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Spring Vegetable Guide

How to choose the best vegetables for the spring season.

WebMD Feature from "EatingWell"

Spring Vegetable GuideSpring-fresh and nutrient-packed artichokes, asparagus, peas and salad greens are in season now. This handy guide offers information on picking the best spring vegetables and the health benefits of each.

Artichokes

Italians have a deep attachment to the artichoke, which is native to the Mediterranean and first appeared in modern records in Naples around 1400. When spring rolls around in Rome, artichokes are served every way possible, from deep-fried to thinly sliced raw and topped with shaved pecorino and fruity olive oil. Then when the season is over, frozen and canned artichokes are definitely convenient, making artichokes a great addition to weeknight meals and quick dips.

What You Get: Plenty of fiber and a good amount of vitamin C, potassium and folate make artichokes an obvious healthy choice.

Shopping Tip: Look for green, plump, compact heads. Brown spots on the scales may be unattractive but indicate that the artichokes have been frost-kissed and have improved flavor.

Storage Tip: Refrigerate in a plastic bag for up to 1 week.

Asparagus

King Louis XIV of France was so fond of asparagus he ordered greenhouses to grow the delicacy year-round. Today, you don’t need to be royalty to enjoy it anytime, but it is the freshest and tastiest in spring.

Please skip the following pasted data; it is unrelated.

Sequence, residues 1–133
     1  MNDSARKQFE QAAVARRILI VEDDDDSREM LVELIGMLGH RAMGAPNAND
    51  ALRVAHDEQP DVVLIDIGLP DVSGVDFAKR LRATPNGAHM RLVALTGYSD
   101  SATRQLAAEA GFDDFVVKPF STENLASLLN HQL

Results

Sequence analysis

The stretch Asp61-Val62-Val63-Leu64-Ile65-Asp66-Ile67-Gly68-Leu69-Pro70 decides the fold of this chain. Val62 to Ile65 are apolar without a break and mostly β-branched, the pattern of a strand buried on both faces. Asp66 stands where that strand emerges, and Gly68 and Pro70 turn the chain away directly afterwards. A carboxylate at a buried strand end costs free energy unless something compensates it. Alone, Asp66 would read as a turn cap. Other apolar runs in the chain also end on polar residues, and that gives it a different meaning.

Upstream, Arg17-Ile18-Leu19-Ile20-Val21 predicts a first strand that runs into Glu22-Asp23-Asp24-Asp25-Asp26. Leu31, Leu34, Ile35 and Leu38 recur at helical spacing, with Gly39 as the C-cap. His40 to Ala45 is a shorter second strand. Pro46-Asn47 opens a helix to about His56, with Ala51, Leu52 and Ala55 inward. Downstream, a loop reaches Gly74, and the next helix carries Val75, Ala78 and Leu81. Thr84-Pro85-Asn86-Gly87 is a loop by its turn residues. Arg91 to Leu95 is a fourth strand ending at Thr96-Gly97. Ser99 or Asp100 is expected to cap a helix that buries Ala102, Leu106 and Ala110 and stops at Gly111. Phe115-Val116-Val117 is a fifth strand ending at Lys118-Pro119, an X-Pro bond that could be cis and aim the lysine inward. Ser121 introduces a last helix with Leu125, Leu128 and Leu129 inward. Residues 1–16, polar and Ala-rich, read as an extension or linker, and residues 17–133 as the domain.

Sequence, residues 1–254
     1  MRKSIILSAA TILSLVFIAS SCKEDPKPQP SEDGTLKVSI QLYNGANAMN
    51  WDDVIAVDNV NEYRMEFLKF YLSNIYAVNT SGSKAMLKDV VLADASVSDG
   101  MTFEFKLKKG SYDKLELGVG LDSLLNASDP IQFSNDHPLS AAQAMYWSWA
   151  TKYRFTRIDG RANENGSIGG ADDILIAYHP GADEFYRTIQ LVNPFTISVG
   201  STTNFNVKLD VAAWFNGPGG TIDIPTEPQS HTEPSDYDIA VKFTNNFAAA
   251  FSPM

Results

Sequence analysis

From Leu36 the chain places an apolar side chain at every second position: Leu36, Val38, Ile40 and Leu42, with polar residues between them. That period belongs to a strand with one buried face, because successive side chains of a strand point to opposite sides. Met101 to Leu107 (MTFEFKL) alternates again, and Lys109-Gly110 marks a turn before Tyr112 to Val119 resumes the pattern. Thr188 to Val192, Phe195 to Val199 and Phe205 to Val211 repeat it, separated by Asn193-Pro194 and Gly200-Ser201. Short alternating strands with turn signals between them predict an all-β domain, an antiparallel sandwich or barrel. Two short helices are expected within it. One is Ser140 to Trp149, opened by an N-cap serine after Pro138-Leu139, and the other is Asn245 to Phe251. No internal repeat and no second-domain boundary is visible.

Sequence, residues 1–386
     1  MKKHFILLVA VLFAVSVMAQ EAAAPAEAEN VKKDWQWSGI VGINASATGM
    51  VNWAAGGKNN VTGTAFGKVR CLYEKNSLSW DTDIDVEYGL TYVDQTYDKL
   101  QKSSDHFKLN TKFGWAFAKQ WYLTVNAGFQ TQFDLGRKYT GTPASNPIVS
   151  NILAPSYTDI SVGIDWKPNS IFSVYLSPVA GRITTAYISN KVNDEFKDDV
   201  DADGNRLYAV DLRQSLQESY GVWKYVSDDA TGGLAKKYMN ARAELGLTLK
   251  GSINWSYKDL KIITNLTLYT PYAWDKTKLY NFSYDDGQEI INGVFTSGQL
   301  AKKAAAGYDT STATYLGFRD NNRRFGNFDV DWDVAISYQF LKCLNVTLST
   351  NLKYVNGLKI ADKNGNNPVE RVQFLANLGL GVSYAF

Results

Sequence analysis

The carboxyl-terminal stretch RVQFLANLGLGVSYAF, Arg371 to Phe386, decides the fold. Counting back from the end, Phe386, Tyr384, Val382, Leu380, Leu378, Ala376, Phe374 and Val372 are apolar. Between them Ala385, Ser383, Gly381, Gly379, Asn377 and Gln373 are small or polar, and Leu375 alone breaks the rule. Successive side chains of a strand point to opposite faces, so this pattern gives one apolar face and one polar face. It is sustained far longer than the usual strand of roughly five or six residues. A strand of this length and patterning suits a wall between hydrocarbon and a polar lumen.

What You Get: One stalk of asparagus contains just 4 calories and delivers healthy doses of folate, potassium and fiber.

Shopping Tips: Consumers who choose spindly asparagus are actually missing the juicy tenderness of fatter, more robust spears. "Elegantly thin" asparagus is less sweet, more grassy and herbaceous. Shun any spear that appears shriveled or whose bud is spreading open.

Storage Tip: If you’re not going to eat your asparagus within a day or two, stand it upright in a glass of water to keep it hydrated.

Peas

Only about 5 percent of the peas grown in the world are actually eaten fresh—most are frozen or canned. Do your part to boost the statistics by indulging in fresh spring peas—snap, snow or English shelling. Choose snow peas or snap peas if you’re looking for the tasty edible pods to throw in a salad or to simply sauté and choose shelling varieties for the fun-to-open pods full of little green gems.

What You Get: Bursting with nutrients, peas are a very good source of vitamin K, manganese, vitamin C, iron, fiber, vitamin B1 and folate, as well as a good source of a host of other vitamins and minerals.

Shopping Tip: Look for peas with light, bright coloring without any brown, bruised, withering ends.

Storage Tip: Refrigerate peas for 2 to 4 days.

Salad Greens

Salads using fresh, seasonal greens are an ideal way to get dinner on the table fast without spending much time in front of the stove. Sandwiches are good places for greens too: try watercress on a tuna salad sandwich or arugula on a grilled vegetable sandwich.

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